Platform Hero Billboard: Bushrangers, Raafat Ishak

                                Photograph: Andrew Curtis

Raafat Ishak

7 Nov 2016-1 May 2017
Hero Building Billboard
118 Russell Street

The Hero Billboard re-imagines William Strutt’s Bushrangers painting from 1852 (collection of the University of Melbourne). The bushrangers painting is in itself a re-imagining of a hold-up on St Kilda Road that occurred during the Gold Rush. The idealised and classical triangular composition is re-imagined in the Hero Billboard as Strutt’s models comprising a group of friends and artists rather than robbers and victims. While Strutt would have been compelled to depict a contemporary narrative that evoked the foundations of a new settlement, he operated within the conventions of a studio artist, utilising close associates and friends as models and manipulating form and composition to invoke the esoteric and painterly qualities of his time. The Hero Billboard is likewise proposed as a photographic assembly of artists and friends, evoking the contemporary nature of social interaction and the materiality, which encapsulates it. 
The Bushrangers painting was chosen because it is quintessentially Melbourne, historic and evokes a period that has no particular resonance with contemporary urban Melbourne. Yet, its studio staging and aspirational painterly values do evoke a contemporary preoccupation with re-evaluating the city’s heritage and stressing the social progress that has been achieved in the past 200 years.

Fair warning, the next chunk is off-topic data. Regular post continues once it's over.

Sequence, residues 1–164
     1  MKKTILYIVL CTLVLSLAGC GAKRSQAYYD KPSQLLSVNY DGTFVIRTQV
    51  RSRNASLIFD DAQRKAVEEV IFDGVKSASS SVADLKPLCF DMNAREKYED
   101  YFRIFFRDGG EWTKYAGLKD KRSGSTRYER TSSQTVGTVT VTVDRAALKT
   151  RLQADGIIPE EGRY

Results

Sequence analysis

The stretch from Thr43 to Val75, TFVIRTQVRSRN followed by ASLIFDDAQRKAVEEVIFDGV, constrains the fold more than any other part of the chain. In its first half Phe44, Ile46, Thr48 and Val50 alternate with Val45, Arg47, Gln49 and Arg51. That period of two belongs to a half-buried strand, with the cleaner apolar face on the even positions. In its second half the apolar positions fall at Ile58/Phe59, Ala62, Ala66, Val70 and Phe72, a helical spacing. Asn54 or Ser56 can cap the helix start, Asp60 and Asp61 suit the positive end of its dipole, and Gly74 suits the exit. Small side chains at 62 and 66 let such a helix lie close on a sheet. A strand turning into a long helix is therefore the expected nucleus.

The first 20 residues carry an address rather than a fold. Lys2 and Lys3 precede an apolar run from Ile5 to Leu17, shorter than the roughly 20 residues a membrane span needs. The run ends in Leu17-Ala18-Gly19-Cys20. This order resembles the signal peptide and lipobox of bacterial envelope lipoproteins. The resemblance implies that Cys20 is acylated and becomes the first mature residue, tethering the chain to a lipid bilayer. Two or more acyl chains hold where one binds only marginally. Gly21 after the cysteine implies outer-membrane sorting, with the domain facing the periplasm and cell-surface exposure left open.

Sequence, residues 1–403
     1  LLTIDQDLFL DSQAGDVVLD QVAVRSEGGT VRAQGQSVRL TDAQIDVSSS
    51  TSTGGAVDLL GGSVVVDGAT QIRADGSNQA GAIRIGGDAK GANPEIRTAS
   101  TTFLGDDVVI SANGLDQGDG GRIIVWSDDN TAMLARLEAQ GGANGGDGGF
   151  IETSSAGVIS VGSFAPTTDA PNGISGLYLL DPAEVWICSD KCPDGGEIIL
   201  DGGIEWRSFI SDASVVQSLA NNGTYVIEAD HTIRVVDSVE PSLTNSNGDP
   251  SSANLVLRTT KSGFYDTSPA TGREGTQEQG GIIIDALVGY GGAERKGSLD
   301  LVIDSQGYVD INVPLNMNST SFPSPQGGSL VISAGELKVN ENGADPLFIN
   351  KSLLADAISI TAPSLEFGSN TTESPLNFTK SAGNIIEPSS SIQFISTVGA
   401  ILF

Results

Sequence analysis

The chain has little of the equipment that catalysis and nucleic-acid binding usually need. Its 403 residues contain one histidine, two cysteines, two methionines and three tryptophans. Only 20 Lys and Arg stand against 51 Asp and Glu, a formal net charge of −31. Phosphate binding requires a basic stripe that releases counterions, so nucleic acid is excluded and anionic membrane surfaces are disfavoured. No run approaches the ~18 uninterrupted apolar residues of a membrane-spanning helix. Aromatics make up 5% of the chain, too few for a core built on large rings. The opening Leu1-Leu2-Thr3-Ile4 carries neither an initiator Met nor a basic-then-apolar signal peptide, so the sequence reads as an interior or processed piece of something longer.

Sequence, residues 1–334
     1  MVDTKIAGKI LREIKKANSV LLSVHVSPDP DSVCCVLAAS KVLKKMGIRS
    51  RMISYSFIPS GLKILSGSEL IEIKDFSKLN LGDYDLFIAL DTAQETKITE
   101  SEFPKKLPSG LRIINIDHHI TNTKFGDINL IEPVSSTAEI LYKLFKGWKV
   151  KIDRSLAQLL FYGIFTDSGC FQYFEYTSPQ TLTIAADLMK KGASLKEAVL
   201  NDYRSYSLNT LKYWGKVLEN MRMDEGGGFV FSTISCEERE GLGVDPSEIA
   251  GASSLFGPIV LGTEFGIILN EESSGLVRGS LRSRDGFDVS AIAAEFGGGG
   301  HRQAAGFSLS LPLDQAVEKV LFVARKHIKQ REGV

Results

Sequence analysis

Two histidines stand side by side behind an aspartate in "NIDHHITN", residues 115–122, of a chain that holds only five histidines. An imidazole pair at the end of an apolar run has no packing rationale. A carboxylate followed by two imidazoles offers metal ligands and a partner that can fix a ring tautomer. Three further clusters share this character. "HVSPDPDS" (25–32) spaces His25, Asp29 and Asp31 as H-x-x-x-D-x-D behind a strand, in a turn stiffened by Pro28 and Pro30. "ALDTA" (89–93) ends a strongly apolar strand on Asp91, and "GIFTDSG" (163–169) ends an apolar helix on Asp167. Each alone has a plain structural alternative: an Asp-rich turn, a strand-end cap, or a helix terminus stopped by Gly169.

Raafat Ishak 
September 2016

Curated by Angela Brophy

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This project is supported by the Victorian Government through Creative Victoria and the City of Melbourne through the Arts Grants Program

Image: Courtesy of the artist and Sutton Gallery, Melbourne

RAAFAT ISHAK was born 1967, Cairo, Egypt; arrived in Australia 1982; lives and works in Melbourne. Ishak completed a Bachelor of Fine Art (Painting) at the Victorian College of Arts in 1990. Selected recent solo exhibitions include: Raafat Ishak: Work in Progress, Ian Potter Museum of Art, University of Melbourne, 2010; and Proposition for a Banner March and a Black Cube Hot Air Balloon, with Tom Nicholson, Shepparton Art Museum, 2012. 

Ishak’s work has been included in major group exhibitions, including the 6th Asia Pacific Triennial of Contemporary Art, Queensland Art Gallery/Gallery of Modern Art, Brisbane, 2009; NEW10, Australian Centre for Contemporary Art, Melbourne, 2010; The Future of a Promise, Venice Biennale, 2011; Shifting Geometries, Embassy of Australia, Washington D. C., 2012; Alienation, Barjeel Art Foundation, Sharjah, United Arab Emirates, 2012; and Safar/Voyage, Museum of Anthropology, University of British Columbia, Vancouver, 2013.